Thursday, January 14, 2016
Book Review: "A Monster Calls" by Patrick Ness
"Your mind will believe comforting lies while also knowing the painful truths that make those lies necessary. And your mind will punish you for believing both."
Every night, 13-year-old Conor O'Malley wakes up from a terrible nightmare, one which leaves him screaming, crying, and gasping for breath. One night, at exactly 12:07, there is a monster at his bedroom window, calling his name. But it's not the monster he's been expecting, the one from his nightmares. This is a different type of monster, one from the elements around him rather than from the horrors he sees while he sleeps.
"In fact, he found he wasn't even frightened. All he could feel, all he had felt since the monster revealed itself, was a growing disappointment. Because this wasn't the monster he was expecting."
This monster promises to tell Conor three tales, each which carries with it a powerful lesson. And when the monster is done, it will demand that Conor tell it his own tale. But with that tale, the monster wants something Conor cannot even fathom. The monster wants the truth, which is far more dangerous than anything.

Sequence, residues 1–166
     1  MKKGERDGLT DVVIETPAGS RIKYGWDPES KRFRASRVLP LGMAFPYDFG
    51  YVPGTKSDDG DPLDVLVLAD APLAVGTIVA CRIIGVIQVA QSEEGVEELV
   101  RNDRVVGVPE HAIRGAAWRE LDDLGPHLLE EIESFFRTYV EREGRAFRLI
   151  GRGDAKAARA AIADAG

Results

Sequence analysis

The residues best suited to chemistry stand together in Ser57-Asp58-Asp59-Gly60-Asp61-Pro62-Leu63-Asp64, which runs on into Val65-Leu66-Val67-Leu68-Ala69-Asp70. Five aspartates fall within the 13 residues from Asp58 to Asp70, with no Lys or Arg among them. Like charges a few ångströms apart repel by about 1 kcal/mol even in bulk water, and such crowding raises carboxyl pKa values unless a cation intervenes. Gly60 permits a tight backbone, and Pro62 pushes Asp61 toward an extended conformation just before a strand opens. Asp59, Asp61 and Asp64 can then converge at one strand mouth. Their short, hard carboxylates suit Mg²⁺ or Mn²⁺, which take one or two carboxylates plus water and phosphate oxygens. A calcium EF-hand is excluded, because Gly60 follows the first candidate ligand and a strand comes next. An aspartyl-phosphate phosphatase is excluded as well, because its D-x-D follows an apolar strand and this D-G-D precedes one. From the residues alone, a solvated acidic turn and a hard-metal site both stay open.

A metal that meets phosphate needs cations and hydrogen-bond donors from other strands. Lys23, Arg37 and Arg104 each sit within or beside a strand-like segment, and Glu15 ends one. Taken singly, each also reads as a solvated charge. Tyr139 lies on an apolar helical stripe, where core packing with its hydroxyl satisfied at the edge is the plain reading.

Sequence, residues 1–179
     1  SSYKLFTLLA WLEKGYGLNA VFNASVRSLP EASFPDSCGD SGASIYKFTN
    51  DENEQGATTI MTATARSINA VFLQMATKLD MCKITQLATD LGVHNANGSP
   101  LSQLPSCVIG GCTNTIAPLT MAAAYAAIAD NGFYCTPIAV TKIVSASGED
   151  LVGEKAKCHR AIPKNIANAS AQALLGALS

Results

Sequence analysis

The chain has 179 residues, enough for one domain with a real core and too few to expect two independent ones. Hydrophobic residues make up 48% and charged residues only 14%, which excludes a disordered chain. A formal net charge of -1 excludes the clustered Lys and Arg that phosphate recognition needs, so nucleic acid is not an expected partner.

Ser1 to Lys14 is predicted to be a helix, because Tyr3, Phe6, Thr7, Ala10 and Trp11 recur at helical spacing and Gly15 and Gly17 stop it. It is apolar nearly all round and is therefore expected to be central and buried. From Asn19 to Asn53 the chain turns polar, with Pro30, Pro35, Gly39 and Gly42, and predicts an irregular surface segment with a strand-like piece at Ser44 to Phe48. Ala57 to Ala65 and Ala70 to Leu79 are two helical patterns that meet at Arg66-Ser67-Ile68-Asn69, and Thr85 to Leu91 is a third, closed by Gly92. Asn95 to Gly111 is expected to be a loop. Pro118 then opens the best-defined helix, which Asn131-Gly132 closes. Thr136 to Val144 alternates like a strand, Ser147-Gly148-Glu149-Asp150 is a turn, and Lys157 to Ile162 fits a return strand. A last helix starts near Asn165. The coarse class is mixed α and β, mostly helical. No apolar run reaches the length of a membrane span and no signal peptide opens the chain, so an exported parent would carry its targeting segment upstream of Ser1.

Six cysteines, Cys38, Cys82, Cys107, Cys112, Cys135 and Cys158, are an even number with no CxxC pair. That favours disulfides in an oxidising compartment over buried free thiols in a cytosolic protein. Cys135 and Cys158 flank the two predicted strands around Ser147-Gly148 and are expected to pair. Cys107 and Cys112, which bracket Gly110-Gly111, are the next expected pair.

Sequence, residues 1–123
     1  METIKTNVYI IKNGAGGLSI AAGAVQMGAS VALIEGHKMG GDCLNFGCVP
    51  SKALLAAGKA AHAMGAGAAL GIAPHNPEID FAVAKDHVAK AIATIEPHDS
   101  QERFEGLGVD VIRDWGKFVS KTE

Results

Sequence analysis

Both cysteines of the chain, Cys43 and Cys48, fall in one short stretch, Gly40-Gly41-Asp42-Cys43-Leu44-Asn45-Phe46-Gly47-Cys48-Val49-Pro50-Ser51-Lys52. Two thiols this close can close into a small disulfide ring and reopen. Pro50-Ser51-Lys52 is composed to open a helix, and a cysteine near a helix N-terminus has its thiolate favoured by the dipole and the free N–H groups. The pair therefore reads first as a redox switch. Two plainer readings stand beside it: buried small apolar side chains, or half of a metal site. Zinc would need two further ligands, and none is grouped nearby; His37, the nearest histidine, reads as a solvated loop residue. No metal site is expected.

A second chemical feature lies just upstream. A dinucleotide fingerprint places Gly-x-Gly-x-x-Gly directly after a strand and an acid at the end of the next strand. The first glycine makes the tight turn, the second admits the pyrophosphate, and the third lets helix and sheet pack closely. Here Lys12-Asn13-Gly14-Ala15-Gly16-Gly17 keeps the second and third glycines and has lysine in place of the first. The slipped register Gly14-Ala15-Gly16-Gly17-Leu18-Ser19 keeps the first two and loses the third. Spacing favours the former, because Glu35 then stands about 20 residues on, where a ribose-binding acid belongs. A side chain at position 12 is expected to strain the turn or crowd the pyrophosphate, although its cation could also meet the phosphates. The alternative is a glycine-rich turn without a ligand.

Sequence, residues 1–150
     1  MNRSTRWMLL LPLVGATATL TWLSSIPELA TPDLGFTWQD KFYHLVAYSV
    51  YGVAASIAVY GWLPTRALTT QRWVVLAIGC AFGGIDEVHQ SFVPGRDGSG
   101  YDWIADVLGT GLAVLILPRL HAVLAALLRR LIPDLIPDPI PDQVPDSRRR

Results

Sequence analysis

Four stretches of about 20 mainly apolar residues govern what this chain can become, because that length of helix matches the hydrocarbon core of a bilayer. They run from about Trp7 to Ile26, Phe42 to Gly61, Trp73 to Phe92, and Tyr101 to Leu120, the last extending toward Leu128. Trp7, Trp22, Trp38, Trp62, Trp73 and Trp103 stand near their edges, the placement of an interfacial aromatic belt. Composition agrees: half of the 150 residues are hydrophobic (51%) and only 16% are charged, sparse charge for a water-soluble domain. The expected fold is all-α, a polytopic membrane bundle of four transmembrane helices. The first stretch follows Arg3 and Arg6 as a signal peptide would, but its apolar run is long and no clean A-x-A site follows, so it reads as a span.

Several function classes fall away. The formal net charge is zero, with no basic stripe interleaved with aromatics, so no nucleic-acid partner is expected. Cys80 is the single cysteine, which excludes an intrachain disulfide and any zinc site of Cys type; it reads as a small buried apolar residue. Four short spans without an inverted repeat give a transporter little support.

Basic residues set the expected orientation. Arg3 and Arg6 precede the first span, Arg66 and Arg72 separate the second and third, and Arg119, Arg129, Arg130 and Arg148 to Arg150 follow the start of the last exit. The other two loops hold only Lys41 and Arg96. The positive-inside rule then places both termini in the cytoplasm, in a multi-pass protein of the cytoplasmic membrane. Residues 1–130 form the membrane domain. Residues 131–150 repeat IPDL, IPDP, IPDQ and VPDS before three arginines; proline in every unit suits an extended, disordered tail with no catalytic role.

A Monster Calls is a beautifully moving, emotional story about a young boy dealing with a struggle he cannot handle. He doesn't want people to look at him or treat him differently, but he wants to be seen. But most of all, he wants the path his life is veering toward to change, quickly. And sometimes confronting the truth is the most painful struggle of all.
Patrick Ness blew me away with his latest book, The Rest of Us Just Live Here, which made my list of the best books I read last year, but I was utterly unprepared by the sheer emotional power and anguish of this book. Ness based this book on an idea created by author Siobhan Dowd, who died before she could do anything with it, and knowing that adds an extra note of poignancy to this story.
Ness is a fantastically talented writer, and I will be slowly but surely working my way through the rest of his books. While this is a sad and, ultimately, hopeful book, in the wrong hands it could have turned maudlin. This is just so good, so beautiful, and it truly moved me. Get a box of tissues and read thisyou may be sad, but you'll feel so lucky afterward that you found this book.